The statue of the Virgin is a unique beauty with a jeweled dress and inlaid in relief.  The altar is made of marble and the wall surrounding the niche is decorated by paintings that recall the homeland which follows this devotion or worship.

The church that jealously guards the worship of the Virgin of Begoña is under the care of the Conventual Franciscan Fathers of Cuba, one of the few religious orders that have moved to the island with the approval of the Cuban government in recent years.

Translated by: Rich Braham

Spanish post
January 7 2013

What Mariela Castro Hides About the Night Clubs of Havana / Wendy Iriepa and Ignacio Estrada #Cuba

Havana, Cuba – These are some of the realities that Mrs. Mariela Castro hides, leaving the LGBT community in absolute deprivation of all rights.

A number of night clubs that hosted parties for the LGBT community have been closed in the past few days. To cite some examples:

– Due to a general restoration, ’El Café Cantante,’ took over the space of ’Divino’ leaving it without its usual site.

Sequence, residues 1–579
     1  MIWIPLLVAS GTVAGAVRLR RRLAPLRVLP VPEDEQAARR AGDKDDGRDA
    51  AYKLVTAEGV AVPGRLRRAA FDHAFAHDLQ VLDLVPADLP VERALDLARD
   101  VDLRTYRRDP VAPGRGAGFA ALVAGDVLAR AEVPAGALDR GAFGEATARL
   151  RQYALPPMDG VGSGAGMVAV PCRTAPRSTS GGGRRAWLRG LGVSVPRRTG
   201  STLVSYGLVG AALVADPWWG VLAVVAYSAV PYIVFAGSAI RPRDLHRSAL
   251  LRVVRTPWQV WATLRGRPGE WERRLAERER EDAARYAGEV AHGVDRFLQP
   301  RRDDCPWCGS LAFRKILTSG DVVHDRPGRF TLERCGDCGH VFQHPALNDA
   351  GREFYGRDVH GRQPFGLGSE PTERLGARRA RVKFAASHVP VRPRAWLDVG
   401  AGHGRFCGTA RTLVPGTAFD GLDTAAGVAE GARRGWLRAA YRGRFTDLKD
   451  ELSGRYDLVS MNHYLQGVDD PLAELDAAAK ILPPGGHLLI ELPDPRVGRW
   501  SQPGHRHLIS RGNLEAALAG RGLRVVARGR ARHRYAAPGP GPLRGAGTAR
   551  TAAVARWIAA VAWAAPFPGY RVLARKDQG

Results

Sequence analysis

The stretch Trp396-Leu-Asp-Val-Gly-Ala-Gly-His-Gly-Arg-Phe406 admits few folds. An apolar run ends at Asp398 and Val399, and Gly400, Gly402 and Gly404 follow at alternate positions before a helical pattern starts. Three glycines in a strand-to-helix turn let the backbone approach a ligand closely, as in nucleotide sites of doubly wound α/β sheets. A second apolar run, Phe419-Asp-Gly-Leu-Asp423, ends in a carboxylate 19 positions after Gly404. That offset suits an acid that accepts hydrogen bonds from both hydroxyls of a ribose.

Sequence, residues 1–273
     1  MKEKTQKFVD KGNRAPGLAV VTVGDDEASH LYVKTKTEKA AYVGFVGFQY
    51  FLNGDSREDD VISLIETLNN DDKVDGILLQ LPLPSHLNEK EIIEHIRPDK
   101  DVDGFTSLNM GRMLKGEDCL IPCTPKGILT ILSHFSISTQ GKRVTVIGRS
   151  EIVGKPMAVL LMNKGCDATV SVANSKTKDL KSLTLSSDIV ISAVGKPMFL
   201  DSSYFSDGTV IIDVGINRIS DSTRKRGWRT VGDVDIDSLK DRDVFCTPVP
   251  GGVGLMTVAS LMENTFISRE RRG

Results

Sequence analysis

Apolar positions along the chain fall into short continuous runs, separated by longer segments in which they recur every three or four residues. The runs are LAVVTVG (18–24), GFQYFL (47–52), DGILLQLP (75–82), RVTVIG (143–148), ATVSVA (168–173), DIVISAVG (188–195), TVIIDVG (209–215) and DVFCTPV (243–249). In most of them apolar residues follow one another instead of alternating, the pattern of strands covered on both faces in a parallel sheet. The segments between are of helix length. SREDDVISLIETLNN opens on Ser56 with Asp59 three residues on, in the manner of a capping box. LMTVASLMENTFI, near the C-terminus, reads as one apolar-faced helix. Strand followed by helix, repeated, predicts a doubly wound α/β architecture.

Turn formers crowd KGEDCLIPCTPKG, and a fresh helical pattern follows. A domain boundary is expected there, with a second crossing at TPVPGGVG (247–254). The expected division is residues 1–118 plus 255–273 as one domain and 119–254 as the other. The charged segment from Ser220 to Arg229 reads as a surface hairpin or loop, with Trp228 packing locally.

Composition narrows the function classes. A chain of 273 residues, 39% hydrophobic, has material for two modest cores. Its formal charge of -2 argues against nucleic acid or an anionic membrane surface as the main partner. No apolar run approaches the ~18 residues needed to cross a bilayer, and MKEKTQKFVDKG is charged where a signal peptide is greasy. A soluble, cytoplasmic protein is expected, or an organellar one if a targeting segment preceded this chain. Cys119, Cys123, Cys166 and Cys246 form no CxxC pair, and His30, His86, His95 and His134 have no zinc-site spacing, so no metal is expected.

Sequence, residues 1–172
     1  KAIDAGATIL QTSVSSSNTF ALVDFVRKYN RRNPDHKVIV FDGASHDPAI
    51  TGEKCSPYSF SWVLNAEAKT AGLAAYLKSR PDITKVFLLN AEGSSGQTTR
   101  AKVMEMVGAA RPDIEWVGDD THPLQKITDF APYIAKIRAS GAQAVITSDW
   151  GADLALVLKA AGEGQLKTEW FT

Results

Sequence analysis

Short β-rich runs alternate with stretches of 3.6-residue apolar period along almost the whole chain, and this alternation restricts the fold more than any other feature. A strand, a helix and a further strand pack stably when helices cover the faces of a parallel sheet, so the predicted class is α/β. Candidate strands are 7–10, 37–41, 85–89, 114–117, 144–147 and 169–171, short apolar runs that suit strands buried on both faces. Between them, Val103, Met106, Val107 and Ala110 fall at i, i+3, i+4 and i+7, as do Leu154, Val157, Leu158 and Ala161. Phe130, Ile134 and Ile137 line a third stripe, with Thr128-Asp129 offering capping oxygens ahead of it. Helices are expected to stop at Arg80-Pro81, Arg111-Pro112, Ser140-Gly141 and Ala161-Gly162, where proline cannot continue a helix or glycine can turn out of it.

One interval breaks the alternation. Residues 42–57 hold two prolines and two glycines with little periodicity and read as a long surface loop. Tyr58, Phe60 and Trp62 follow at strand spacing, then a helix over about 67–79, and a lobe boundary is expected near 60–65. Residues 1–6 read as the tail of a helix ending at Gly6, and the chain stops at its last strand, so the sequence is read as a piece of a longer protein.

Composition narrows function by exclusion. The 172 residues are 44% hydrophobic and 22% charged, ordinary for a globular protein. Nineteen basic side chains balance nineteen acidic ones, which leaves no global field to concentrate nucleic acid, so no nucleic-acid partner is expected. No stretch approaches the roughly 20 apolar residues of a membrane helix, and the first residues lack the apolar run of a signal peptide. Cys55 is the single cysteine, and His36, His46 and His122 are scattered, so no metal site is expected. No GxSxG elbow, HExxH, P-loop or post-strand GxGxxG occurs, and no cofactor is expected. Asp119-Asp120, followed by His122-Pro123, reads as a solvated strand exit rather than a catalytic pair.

– The public club ’José A. Echeverría’ has a number of regulations, which, in the first place, forced the ’Ibiza Project’ to change its name, and eventually it was moved to ’El Colmado’ in the municipality of Centro Habana, a site in precarious conditions for the activities of the LGBT community.

Also, ’La Mamba,’ which operates at this same location (El Colmado) on Fridays is looking for a new space to continue organizing these kinds of parties.

– Las Vegas Cabaret is in the process of analyzing its role since it had always been a place for the elite in the capital, and it has been transformed like the palace of impersonations in the city, with real international impact.

In regards to ’meeting sites’:

– The very well known tendedera, located across from the Capitol, in Old Havana, has been under restoration along with the emblematic headquarters of former Government, with a great concentration of policemen and celebrities.

– Central Park, on the side of the movie theater ’Pairet,’ young people walking by are required to show their IDs, simply because they are in a tourist area and may be considered potential hookers or hustlers in to the eyes of the policemen.

– Fraternity Park, surrounded by bus stops, now has the highest level of outdoor lighting in the capital.

– Cafeteria, also known as the Bin Bon, is actually the only place from which the authorities have not been able to eliminate the presence of the LGBT community. However, they are vulnerable to abuses from the authorities on a daily basis.